But I shall leave this one with a fantastic short by Patrick Jean (although I’m a little slow to this one as its been around for a few years already). ‘Pixels’ shows the world under attack from… well, you guessed it, and has come to my attention at a time when I’m reading ‘Ready Player One’ by Ernest Cline (All 80’s themed and gaming related) and have taken up a role as Story Content provider for a gaming company (Research Through Gaming), so it really struck a chord. It’s such a brilliantly simple idea that makes me want to lock myself in a room for 6 months and learn the kind of software fx programmes that allow you to create things as marvellous as this. BUT NO MORE DISTRACTIONS NOW! ON WITH PRODUCTION!

P.S. speaking of game themed videos – this too is a work of genius for anyone of the mortal kombat generation. If I can just find out how they made it… NO! THE FILM IS THE THING!

Film Crew… Assemble!

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Crew mates… Producers Matt Pearson, Ellen Wishart and myself (left to right)

It’s been a couple of months now since I took a critical look at my feature script. This for the most part has been on purpose – I felt very much neck deep in the story and now, browsing through it, feel I can really start hacking away with the red sharpie to get the concise story I want to tell. It’s also been a period in which I’ve invited others to read and share their thoughts on the story. The feedback I’ve received has been highly encouraging. Of course some of it was probably biast – I don’t expect my mother to tear It down Kermode-style, but I did get something from the friends I offered it out to. “I sat there, and was scared to leave my room.” “I went for a smoke in the garden and kept thinking about your bloody script – it freaked me out.”
Clearly at this point I donned my best Vincent Price cackle and returned to the laboratory whaling “It’s alive! It’s alive!”

Of course, the most important people to get the script to were the crew. And so last night in a pub just off of Oxford Circus, the first production meeting for our “untitled” feature got underway. Those in attendance included myself, Matt Pearson, my co-producer and editor and producer Ellen Wishart.

Story was discussed, locations were drawn up and a timeframe for production was sketched out. Shooting will take place on weekends from late September through to early December.

Weekends seem to be the best approach The team around me is one I have worked with before and one I trust and so finding an approach which makes it easier for them to be involved is essential – we all have bills to pay and roofs to keep over our heads – as low budget filmmakers, Mon-Fri 9-5 covers this like it does for everyone else.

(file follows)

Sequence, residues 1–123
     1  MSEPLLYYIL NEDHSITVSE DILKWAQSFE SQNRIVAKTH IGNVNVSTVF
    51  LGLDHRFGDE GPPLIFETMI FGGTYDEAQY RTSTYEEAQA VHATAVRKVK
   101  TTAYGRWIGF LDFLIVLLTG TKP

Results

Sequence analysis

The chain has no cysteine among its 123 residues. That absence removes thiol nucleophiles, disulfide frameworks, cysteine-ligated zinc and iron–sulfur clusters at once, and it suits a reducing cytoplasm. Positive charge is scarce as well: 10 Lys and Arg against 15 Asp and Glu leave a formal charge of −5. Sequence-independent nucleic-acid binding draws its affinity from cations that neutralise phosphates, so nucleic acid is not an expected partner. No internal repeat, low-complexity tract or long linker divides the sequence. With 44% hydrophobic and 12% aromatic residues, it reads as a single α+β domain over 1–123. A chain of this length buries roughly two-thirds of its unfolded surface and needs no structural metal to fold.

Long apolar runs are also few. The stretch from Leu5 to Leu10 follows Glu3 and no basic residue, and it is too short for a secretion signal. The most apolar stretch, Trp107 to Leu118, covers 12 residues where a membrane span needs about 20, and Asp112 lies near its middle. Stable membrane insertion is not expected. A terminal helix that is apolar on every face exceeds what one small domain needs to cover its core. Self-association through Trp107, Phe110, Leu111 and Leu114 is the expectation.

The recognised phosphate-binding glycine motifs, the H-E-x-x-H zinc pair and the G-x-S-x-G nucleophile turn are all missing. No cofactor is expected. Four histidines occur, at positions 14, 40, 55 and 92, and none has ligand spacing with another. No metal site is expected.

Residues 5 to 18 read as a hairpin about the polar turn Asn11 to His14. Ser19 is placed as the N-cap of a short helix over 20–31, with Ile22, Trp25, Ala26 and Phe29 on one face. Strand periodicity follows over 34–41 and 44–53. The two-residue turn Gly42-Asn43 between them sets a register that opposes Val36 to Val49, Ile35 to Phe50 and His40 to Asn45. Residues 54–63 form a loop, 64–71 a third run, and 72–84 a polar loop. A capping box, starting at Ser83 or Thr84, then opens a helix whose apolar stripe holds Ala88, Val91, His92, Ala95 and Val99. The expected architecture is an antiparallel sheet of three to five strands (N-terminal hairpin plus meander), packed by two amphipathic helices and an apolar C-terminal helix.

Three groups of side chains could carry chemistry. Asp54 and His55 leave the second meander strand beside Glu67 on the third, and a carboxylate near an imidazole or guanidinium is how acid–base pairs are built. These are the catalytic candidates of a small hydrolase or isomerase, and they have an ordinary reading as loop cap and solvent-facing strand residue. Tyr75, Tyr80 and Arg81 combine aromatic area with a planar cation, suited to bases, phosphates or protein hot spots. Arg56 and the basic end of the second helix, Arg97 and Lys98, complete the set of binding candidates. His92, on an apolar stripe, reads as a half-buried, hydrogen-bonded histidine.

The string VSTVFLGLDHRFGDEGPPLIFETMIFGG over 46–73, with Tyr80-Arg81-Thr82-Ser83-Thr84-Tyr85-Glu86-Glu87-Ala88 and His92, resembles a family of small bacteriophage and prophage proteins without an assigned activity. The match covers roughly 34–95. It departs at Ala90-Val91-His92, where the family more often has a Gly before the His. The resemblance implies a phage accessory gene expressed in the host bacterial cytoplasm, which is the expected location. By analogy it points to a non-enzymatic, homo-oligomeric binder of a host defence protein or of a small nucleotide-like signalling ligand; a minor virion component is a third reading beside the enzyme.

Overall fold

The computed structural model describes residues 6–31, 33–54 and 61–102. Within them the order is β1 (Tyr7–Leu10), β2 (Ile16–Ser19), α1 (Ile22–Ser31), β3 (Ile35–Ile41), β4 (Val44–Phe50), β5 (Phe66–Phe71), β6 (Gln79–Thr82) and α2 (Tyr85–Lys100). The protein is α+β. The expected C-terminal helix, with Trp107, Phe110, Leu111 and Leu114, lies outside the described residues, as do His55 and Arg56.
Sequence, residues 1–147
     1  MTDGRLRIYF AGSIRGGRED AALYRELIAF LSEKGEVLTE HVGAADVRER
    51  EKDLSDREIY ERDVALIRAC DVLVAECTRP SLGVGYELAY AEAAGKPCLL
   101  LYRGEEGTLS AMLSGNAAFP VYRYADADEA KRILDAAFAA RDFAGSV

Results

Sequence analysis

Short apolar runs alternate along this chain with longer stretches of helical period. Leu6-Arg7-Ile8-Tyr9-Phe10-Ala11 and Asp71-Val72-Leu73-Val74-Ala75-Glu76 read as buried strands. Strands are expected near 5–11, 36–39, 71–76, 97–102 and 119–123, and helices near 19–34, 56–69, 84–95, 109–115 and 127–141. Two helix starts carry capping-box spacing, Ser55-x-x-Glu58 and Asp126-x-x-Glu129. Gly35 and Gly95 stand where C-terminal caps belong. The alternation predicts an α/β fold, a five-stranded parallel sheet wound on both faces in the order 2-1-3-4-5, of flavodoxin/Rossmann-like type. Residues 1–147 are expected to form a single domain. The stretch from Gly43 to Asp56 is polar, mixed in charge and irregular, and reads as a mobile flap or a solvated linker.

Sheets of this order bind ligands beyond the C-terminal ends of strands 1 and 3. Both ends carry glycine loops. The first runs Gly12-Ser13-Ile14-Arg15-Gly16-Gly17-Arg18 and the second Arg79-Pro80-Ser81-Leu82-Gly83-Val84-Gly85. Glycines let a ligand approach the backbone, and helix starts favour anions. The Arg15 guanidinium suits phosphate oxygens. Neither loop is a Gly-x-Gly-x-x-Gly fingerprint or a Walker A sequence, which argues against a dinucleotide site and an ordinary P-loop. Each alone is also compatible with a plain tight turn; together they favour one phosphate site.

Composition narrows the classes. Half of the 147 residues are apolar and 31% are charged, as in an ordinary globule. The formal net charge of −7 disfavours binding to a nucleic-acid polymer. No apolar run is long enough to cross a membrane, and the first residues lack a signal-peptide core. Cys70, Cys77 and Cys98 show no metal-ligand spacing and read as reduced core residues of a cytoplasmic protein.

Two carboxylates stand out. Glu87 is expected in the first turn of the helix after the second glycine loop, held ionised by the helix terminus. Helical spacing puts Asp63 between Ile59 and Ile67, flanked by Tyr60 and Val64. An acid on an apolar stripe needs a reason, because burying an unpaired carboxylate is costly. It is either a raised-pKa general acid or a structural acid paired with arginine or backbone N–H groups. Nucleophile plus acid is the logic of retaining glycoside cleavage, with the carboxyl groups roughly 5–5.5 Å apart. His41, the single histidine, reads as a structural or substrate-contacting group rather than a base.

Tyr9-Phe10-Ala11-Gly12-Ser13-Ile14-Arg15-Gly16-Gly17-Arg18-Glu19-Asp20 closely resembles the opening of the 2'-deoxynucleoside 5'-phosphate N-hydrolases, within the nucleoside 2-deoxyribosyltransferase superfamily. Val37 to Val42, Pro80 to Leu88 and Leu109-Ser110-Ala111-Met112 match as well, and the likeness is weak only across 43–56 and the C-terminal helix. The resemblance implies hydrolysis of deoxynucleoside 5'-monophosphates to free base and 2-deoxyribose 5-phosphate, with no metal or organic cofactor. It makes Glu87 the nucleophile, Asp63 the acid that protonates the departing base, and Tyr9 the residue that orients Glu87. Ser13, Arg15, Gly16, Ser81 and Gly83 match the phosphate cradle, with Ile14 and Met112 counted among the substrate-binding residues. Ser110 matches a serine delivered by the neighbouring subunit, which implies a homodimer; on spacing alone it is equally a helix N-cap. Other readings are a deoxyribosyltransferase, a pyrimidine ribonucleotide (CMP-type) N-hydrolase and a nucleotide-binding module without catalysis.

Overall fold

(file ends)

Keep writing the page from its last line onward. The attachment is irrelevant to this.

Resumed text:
The same is true for some of the other integral people that couldn’t attend our first meeting. Director of Photography, Chris Omand (Down Terrace) is away on a shoot and my writing partner Chris Shaw was also unable to make it. This kind of thing is only a problem if you make it one. These people have good careers, I’m not out to make a film at the expense of these careers and quite frankly, I’d be an arse to think they’d follow me if that was my ethic. Hell, Chris Nolan filmed his debut feature over a year’s worth of weekends and if it’s good enough for the most sort after director in Hollywood, I’m sure I can cope with it.

So here we are. An initial and most valuable crew assembled (with additions on the way), and a target for the next few weeks. Stay tuned, as I hope to record all my recee experiences and show you the world in which our story can be found.

Film Update – The Readable Draft

I seem to remember the first post I made on this blog promising something like ‘a post daily’ The word ‘Pah!’ springs to mind.

This is my first post in several weeks for which I am sorry – there have been things worth writing about on my journey to feature film director, but all of my writing time and most of the hours between eating, sleeping and the day job, have been taken up by the screenwriting process itself.

I have attempted to keep an account of how this process has gone and over the next few weeks, a number of posts will be about some of the things I have discovered along the way.

So, where am I with the script? I am proud to say that as of Thursday, 10th May 2012, at approximately 7:30 pm GMT, after 9 months, countless ‘how to’ books, several workshops, over 300 index cards, 4 notepads and the purchase of a giant cork board (you can tell I’ve been writing drama, can’t you), and four drafts, I HAVE A READABLE SCRIPT!

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Me, under laptop.

The experience itself?

In all honesty, it has so far been the most all consuming, exuberant, fearful, joyous, self deflating, self realising, unrelenting, mind boggling, task I have ever undertaken.